I had no idea what to expect from Bath and was astounded by how beautiful it is here. Many of the Georgian style buildings date to the 17th century and some are even older than that. The Gothic abbey was founded in the 6th century and was rebuilt in the 12th and 16th centuries. It is a very impressive structure, although we didn't find time to visit it on this trip.

    And why were we so short of time? Because my beautiful and generous wife treated us to a day at the Thermae Spa baths that included three hours of soaking, sweating and chilling followed by a 50 minute spa treatment. Aaaaaaah!

    By the time we had showered, changed and de-pruned, it was after 6:00pm so we went for our first pub meal at the Grey Fox pub. The therapist at the spa suggested I take in plenty of liquids to replace those I'd lost, but I'm not sure he included a pint of stout in his recommendation.

    We wrapped up our day wandering through the streets and enjoying our very relaxed state.

    Now we're off to London for our last stop outside of Canada.
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  • Day50


    May 20 in the United Kingdom ⋅ ⛅ 13 °C

    When traveling for nearly two months it's always difficult to choose one event or destination as a favorite.

    After all, we've been to so many beautiful, historic and storied places, had fabulous meals, reconnected with old friends and tasted wonderful wines.

    Who would have imagined that one of my highlights of this journey would have started in the little English hamlet of Bromsgrove?

    Yesterday we arrived here and immediately made our way to meet with my 94 year old Aunt Roma, who, the last time I saw her was half that age! As soon as we walked into the room where she was waiting, even Brenda, who had never met her before, picked her out of the crowd. The family resemblance to my sister, Dena, and my late mother is uncanny. My Mum left us much too young and Roma gave me a glimpse of what Mum would have been like had she lived to a ripe old age. Roma is spry, witty and charming and recounted many tales from her youth about my Mum. It was a wonderful visit.

    My cousin Phil and his wife Pauline then arrived to drive us all to Worcestershire where we had lunch at cousin Richard and his wife, Jude's home along with my cousin Trevor, his wife, Claire and their two children.

    Jude went above and beyond to meet our vegan and gluten free dietary requirements with an awesome choice of vegetables, potatoes, rice, vegan chili and even homemade gluten-free pie and vegan meringues accompanied by mountains of fresh berries. Everything was amazing!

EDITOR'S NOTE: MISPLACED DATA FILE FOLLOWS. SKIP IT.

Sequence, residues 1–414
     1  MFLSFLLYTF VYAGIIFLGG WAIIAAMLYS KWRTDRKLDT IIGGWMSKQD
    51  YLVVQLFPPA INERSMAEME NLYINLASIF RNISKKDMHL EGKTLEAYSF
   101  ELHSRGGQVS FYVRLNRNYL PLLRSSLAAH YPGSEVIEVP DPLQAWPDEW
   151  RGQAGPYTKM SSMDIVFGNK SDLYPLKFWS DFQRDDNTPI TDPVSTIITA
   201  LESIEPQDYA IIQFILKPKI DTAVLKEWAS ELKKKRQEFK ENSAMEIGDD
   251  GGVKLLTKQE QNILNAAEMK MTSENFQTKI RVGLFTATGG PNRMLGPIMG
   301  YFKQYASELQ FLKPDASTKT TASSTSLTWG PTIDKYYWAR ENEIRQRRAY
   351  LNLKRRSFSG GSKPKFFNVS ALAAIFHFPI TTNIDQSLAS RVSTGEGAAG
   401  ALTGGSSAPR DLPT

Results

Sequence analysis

Dinner conversation was lively and included a video chat with my sister Dena and her husband, Ed.

    When all was said and done, we all vowed that we wouldn't wait another 47 years to get together again.

    What a wonderful day!
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  • Day49


    May 19 in the United Kingdom ⋅ ⛅ 14 °C

    Our flight from Dublin got off the ground an hour late and then, due to a missed communication, we had to wait half an hour for our Airbnb host to show up. So, in the end, our visit to Birmingham became nothing more than a whistle stop.

    We did, however, get out to celebrate Brenda's birthday with a meal and bubbles at Ba-Ha Vegan restaurant, which unbeknownst to me when I reserved, was just a stones throw from where we stayed.

    And now we're off to Bromsgrove to catch up with family I haven't seen in 47 years!
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  • Day48


    May 18 in Ireland ⋅ ⛅ 11 °C

    We arrived in Dublin on Wednesday and were greeted at the airport by Brenda's ex-coworker, Gerry. She and her husband, Eddy, were kind enough to offer us lodging during our stay and took the time out of their schedules to act as tour guides.

    On Wednesday afternoon, Gerry drove us out to
    The Wicklow mountains, where we visited Hollywood (the original) and Glendalough, which contains the ruins of a sixth century monastery. As we drove the different cycling routes that Eddy frequently rides, we were treated to breathtakingly beautiful vistas.

    Since this was my first time in Dublin, Brenda and I bought a two day Dublin Pass, that granted us admission to more than thirty local attractions, including the Guinness Storehouse and the Jameson distillery.

    We managed to get good return on our investment by doing a complete bus tour of the city and visiting the Dublin Castle, Jameson, Christ Church Cathedral, Dublinia, Teeling Distillery and Guinness.

    The church is very strong in Ireland and, according to our bus tour guide, there are 651 churches in Dublin. When you consider that 25% of the country's population (1.5 million) is concentrated there, the number sounds reasonable.

    However, one institution of contemplation outranks even the church since there are 851 pubs in the city. With statistics like that, it was easy for me to cross the "Drink a Guinness in Dublin" item off my bucket list. And yes, it's true: the Guinness is better in Ireland.

    And now we fly back to England to embark on the last leg of our European vacation.

    Exciting times ahead!
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  • Day43

    I Love Paris Every Moment...

    May 13 in France ⋅ ☀️ 6 °C

    Every moment of the year ...

    This was my third visit to the city of light and I was no less wonderstruck this time than I was the first go around in 2007.